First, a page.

Take a load off maintenance

Use a powerful, proven technique to identify factors that impede craft efficiency.

By Timothy Finigan, Fluor

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  • determining whether enough observations are being collected for the sample size;
  • Identifying if significantly different data are observed between days or shifts; and
  • making adjustments to the study process if inconsistent data are received from observers.

Figure 1 shows an example of such a summary of observation data.

Figure 1

Additionally, the data can be grouped to summarize support and delay activities by area of the plant (Figure 2).

Figure 2

The compiled data allow us to assess and report results by loss categories and use this in cause-and-effect analyses to identify improvement opportunities and address loss percentage levels in each subcategory. The data summaries calculate direct activity percentages and break down observations by indirect subcategories for reporting and improvement planning. Figure 3 illustrates a typical format for presenting these data.

Figure 2

This summary gives management detailed information across a wide range of parameters, such as type of craft personnel, area of plant, and daily and hourly activity levels. We suggest that management share this information with the workforce and together outline strategies for improvement based on factual data instead of estimates, suppositions or hunches. Indeed, it is our experience that workforces respond to opportunities more proactively once there is hard evidence to substantiate potential benefits. Sharing such data tends to encourage participation in the process of data analysis and improvement planning, which assists in sustaining any implemented changes.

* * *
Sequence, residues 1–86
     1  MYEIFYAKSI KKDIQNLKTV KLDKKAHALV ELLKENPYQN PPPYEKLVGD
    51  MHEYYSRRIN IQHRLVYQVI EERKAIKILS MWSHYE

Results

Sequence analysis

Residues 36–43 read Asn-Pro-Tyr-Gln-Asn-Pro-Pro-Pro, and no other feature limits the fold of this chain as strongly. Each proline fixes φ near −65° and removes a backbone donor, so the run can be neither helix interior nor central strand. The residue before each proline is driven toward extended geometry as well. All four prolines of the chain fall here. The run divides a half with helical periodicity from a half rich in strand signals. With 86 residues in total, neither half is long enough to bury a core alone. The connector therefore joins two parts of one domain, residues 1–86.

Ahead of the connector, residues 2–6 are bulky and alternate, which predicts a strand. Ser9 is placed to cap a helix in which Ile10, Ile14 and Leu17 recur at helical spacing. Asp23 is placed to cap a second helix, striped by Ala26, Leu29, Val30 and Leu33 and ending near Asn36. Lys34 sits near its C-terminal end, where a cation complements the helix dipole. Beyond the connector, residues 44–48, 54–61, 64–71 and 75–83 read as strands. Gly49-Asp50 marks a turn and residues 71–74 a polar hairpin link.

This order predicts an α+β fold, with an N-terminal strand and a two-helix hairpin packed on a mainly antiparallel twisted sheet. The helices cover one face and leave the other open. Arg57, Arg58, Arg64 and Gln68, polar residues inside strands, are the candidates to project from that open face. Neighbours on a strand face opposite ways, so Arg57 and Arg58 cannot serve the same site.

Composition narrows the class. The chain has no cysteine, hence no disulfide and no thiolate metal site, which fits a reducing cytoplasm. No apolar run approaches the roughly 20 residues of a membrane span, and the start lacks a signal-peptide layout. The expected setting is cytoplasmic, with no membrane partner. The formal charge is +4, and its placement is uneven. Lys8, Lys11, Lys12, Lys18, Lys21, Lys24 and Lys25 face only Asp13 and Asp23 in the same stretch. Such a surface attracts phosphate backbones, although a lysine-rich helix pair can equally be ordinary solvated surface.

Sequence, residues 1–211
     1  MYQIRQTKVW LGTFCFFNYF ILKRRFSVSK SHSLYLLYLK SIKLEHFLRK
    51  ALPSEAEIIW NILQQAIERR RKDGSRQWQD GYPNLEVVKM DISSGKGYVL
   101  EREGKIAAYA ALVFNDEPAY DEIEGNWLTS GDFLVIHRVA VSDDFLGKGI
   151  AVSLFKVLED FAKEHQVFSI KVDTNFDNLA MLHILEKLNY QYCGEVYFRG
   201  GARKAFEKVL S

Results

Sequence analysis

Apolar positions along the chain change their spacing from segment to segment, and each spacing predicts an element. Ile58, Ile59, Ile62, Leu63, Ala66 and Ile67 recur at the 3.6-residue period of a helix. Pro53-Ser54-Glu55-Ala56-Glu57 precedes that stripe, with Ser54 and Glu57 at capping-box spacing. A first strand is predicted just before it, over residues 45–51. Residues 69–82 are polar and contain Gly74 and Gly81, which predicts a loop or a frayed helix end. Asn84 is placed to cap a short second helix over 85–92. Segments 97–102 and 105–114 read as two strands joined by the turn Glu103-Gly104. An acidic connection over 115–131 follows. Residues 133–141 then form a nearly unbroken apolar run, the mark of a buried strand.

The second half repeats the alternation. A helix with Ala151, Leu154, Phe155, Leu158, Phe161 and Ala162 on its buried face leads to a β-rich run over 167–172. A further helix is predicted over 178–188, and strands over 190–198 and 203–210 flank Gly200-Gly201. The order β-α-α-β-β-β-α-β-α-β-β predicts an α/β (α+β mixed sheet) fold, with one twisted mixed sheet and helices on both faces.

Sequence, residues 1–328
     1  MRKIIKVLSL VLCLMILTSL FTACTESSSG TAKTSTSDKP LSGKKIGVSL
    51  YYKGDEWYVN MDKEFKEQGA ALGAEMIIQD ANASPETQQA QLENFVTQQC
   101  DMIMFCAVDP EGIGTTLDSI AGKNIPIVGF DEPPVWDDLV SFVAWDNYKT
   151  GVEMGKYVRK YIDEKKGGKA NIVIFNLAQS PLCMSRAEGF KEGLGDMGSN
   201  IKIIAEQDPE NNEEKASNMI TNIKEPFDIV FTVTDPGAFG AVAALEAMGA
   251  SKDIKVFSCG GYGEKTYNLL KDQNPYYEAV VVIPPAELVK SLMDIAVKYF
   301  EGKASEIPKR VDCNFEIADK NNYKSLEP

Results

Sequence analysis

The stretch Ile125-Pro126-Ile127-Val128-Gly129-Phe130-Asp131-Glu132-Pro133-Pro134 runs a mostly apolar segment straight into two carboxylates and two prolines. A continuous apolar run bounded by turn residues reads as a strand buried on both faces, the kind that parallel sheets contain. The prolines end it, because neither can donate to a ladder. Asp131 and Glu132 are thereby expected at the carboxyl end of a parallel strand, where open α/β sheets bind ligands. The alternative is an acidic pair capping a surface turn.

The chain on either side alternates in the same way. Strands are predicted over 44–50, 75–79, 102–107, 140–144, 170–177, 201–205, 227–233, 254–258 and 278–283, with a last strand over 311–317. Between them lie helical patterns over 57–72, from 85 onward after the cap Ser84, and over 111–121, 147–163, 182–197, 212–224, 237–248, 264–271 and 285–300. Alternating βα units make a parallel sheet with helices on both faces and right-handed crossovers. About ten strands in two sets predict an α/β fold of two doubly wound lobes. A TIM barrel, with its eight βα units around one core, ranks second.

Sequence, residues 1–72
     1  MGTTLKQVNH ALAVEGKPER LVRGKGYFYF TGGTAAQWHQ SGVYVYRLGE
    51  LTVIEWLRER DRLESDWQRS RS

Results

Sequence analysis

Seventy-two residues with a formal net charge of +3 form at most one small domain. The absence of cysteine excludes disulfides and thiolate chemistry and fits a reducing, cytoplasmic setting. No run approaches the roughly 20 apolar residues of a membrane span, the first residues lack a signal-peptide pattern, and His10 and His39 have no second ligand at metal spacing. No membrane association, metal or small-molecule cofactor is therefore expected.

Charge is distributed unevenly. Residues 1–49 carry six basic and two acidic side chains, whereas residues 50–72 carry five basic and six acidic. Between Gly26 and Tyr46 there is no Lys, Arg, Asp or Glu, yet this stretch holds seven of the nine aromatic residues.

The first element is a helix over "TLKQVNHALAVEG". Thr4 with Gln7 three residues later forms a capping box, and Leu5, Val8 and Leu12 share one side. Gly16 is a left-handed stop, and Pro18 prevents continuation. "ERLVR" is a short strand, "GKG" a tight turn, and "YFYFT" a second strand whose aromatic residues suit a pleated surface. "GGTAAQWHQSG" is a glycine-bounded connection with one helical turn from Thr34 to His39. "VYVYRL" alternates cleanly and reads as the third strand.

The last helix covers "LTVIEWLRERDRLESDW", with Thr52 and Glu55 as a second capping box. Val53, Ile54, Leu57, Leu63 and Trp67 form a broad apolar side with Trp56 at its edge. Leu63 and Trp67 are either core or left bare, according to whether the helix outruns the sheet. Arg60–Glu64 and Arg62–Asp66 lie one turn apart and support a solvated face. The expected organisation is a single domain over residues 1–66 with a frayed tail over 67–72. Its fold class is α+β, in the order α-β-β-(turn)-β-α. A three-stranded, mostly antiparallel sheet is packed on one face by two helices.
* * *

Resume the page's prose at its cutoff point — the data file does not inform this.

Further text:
A powerful tool

Direct utilization or direct activity is the single element that most drives craft productivity determination. So, companies will benefit from taking a more rigorous approach to assessing it, gaining a better understanding of the opportunities and potential for optimizing labor productivity. A statistically valid LAA is the best method for calculating direct utilization and quantifying delays and losses. The measurement of activity in terms of direct, delay and support elements provides an excellent approach to identify and categorize utilization levels and to target and prioritize improvement efforts in the various support- and delay-activity loss categories. These categories can then be re-calculated in subsequent LAA studies to track improvement .

My experience in working with clients indicates that most organizations do not use a rigorous approach for determining direct utilization. However, those organizations that implement such approaches derive significant value and often schedule follow-up efforts to assess gains following focused improvement efforts. Such organizations typically apply benchmarking and best-practice approaches to drive toward best-in-class performance. Hopefully, your organization can use LAA in its quest to achieve optimum productivity performance.

Timothy J. Finigan is Senior Director Performance Technology for Fluor, Greenville, S. C. E-mail him at Tim.Finigan@fluor.com.

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